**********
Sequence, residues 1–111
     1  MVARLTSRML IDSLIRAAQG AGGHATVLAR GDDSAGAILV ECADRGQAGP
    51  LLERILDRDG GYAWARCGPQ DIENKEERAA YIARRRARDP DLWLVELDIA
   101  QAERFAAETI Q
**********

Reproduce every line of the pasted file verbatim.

Sequence, residues 1–111
     1  MVARLTSRML IDSLIRAAQG AGGHATVLAR GDDSAGAILV ECADRGQAGP
    51  LLERILDRDG GYAWARCGPQ DIENKEERAA YIARRRARDP DLWLVELDIA
   101  QAERFAAETI Q